My name is Minnie Small and I am an illustrator from South-East London. I know it’s a cliché but I spent most of my childhood dreaming of growing up to be an artist one day. I specifically wanted to write and illustrate stories as I’d been so mesmerised by the art in my favourite Winnie the Pooh and Roald Dahl books. After reading the stories, usually several times over, I used to flip through the pages, trying to recreate the illustrations myself, sometimes using greaseproof paper from the kitchen to trace them directly.
I carried on drawing and painting throughout my childhood and adolescence and discovered a love of watercolours during art classes in my final years of secondary school. I loved how– paired with a fineliner pen– a few strokes of watercolour paint let me quickly study and jot down all sorts of things I’d seen on school trips to places like Kew Gardens and galleries around London.
And even as I left my dreams of being an artist behind to start pursuing a more ‘grown up’ profession of language interpreting, I would bring my sketchbook to uni with me and skip my Spanish and English lectures to draw St. Paul’s Cathedral and pop over the Millennium Bridge to visit the Tate.
Around this time, I had started following lots of different artists around the world on social media, and my eyes were opened to the number of different styles and the various ways artists were using their talents to build careers and share their work with the world. Just for fun, I started to share my work online too on Tumblr and Instagram, and I was surprised to start building a following.
I had always been so shy about showing my art to friends and family, but to reach a community of thousands of strangers was so incredibly encouraging and enlightening. I started to learn more about my own style and process through trial and error and feedback, and I continued to hone my craft through studying YouTube tutorials, forums and books.
By this point, I had dropped out of uni and was working at a supermarket, marking down prices on perishables that were near their sell-by date. I actually loved the monotony of my job, because it allowed me the mental space to cultivate heaps of creativity in my spare time. I started a YouTube channel after lots of requests to see my process in action, and before long, the money I was earning from my channel and from selling prints of my work allowed me to quit my supermarket job and take on art full-time!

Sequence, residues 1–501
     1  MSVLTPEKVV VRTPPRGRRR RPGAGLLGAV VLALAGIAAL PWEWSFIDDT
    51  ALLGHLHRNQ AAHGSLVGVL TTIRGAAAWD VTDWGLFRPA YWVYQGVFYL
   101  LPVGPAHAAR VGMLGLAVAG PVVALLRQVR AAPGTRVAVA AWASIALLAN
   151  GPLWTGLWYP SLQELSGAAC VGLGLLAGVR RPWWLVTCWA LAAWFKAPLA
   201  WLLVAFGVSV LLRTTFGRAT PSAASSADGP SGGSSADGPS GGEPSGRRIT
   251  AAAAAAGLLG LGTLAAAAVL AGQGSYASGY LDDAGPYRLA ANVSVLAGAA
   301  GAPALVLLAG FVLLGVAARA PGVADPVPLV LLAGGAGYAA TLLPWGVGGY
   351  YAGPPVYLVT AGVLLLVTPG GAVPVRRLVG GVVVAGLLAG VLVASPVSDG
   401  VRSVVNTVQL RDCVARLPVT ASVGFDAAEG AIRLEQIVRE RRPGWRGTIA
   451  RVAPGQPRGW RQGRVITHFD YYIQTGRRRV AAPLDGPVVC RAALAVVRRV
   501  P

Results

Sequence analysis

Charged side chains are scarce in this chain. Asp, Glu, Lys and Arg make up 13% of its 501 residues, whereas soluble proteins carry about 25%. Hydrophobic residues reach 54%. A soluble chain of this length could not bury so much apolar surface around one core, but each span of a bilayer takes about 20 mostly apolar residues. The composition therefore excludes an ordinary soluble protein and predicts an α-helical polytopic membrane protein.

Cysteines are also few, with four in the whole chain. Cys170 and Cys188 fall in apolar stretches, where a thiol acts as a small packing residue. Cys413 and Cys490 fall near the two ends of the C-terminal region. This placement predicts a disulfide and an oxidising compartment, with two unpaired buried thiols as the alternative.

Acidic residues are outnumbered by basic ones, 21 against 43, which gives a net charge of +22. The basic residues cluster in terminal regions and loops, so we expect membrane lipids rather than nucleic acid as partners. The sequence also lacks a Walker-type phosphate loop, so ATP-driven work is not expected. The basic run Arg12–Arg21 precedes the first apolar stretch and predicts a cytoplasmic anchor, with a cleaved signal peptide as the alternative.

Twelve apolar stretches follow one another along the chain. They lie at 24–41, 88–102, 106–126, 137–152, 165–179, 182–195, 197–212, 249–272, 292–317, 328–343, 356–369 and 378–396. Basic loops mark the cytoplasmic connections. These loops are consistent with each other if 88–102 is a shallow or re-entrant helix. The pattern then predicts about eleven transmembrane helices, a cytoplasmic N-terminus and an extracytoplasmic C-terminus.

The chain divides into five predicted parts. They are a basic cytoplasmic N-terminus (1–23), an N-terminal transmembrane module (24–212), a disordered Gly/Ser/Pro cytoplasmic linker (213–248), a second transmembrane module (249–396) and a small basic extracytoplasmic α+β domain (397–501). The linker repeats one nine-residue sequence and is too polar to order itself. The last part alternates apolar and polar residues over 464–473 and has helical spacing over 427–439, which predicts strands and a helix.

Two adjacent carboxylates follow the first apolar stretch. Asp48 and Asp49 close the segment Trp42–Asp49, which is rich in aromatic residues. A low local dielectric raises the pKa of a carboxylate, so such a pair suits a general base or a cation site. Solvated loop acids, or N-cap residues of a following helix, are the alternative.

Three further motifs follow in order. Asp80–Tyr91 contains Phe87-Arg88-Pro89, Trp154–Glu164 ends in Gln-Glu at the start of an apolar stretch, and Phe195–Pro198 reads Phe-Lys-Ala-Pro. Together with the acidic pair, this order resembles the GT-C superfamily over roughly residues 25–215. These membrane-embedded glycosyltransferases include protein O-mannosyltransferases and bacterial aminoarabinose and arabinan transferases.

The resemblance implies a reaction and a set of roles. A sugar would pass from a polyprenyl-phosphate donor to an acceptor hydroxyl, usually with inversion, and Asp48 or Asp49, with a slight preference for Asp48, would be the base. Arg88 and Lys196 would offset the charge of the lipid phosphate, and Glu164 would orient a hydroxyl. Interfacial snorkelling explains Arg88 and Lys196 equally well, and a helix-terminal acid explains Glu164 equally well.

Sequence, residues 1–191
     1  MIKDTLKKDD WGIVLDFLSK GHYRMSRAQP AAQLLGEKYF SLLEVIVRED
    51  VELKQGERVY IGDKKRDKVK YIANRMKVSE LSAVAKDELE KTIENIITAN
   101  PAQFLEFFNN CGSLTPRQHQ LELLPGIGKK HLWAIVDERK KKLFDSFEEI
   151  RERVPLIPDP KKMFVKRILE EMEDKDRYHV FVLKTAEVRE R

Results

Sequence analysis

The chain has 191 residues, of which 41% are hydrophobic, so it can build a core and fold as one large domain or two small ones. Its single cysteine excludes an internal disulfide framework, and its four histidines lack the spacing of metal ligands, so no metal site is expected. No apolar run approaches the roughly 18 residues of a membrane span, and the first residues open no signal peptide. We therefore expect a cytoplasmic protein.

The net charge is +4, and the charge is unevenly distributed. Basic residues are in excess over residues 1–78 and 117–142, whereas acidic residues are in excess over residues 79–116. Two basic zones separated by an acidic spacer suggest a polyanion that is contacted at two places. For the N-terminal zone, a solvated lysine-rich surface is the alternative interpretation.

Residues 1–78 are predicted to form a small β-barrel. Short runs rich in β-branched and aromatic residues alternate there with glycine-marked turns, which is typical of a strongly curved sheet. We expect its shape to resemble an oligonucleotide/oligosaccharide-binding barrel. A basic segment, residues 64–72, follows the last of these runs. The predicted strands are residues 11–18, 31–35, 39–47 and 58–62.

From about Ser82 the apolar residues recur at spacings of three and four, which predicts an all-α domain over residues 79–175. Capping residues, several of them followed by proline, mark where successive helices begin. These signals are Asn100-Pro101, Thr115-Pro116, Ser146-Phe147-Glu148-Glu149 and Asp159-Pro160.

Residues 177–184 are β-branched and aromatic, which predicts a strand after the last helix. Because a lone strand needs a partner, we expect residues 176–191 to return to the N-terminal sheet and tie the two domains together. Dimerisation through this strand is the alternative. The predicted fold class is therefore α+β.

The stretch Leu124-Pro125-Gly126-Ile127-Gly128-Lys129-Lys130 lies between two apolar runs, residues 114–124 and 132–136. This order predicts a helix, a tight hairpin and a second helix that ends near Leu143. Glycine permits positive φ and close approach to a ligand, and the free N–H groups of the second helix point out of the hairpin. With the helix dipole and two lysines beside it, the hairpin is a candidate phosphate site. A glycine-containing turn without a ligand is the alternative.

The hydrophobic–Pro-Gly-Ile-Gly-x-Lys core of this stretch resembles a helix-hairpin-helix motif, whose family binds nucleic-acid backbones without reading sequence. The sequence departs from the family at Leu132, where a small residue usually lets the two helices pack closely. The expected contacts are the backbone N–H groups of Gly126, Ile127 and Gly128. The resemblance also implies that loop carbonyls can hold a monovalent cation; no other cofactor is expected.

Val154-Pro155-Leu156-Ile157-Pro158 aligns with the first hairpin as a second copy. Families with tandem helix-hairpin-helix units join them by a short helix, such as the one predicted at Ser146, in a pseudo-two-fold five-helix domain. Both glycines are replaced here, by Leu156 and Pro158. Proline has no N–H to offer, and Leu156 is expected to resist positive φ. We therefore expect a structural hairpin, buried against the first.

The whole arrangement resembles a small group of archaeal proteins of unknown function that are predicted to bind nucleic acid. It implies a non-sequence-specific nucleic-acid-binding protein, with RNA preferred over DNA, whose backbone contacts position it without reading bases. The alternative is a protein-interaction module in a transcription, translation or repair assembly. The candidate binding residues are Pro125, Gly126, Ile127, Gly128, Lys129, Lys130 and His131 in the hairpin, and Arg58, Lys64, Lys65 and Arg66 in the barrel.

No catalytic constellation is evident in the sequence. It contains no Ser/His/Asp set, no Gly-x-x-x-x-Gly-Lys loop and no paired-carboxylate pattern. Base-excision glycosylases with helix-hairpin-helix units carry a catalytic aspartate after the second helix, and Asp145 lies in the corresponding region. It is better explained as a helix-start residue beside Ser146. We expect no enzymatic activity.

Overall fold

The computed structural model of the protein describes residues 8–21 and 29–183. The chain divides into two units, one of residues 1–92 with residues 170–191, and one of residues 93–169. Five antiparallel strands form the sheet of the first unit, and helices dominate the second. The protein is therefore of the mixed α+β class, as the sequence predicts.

Over the years, the style of my art and my process has gone through many changes. I love learning techniques and setting myself new challenges, and I have embraced the art of making mistakes as a vital part of my process. Trying and failing is a fantastic way to figure out what works and what doesn’t, and while a blank page will always be a little bit daunting for me, I know that each painting I start will be a fun experience and fantastic learning opportunity, no matter how it turns out.
I think I’m quite methodical in my approach to art. I love being able to document things I’ve seen and learned, my travels, and memories I’ve made, and am infinitely inspired by old botanical illustrations and journals kept by travellers exploring historical sites, new worlds and exotic creatures.
Nowadays, the tools I use are Faber-Castell Fineliners, Daniel Smith Watercolours (the Quinacridone Burnt Orange and Quinacridone Magenta are by-far my favourites!), and Holbein and Royal Talens Gouache. The brushes I use vary but a standard set from Jackson’s will usually do me fine and for more creative applications, I love the quality of Princeton brushes.
And of course, my sketchbook remains my constant companion, as it has been through every stage of my journey so far. The brands I go for are Stillman & Birn and the lovely handmade sketchbooks from SketchbookCo. But really any sketchbook page is the perfect canvas for the art that I make. The pages are where I capture all my trials and experiments, where I keep notes and memories like old travel tickets or lists of films I’ve watched recently, and where I can draw and paint with no pressure or expectation, just the goal to give it a try and see what I end up with.
I wrote my book The 30 Day Sketchbook Project, to share the magic of sketchbooks with other artists looking for the freedom to create and learn in the comfort of a failure-free zone. And I hope that continuing to share my work, warts and all, will encourage future creatives to go with the flow and discover what they’re capable of.Recommended1 recommendationPublished in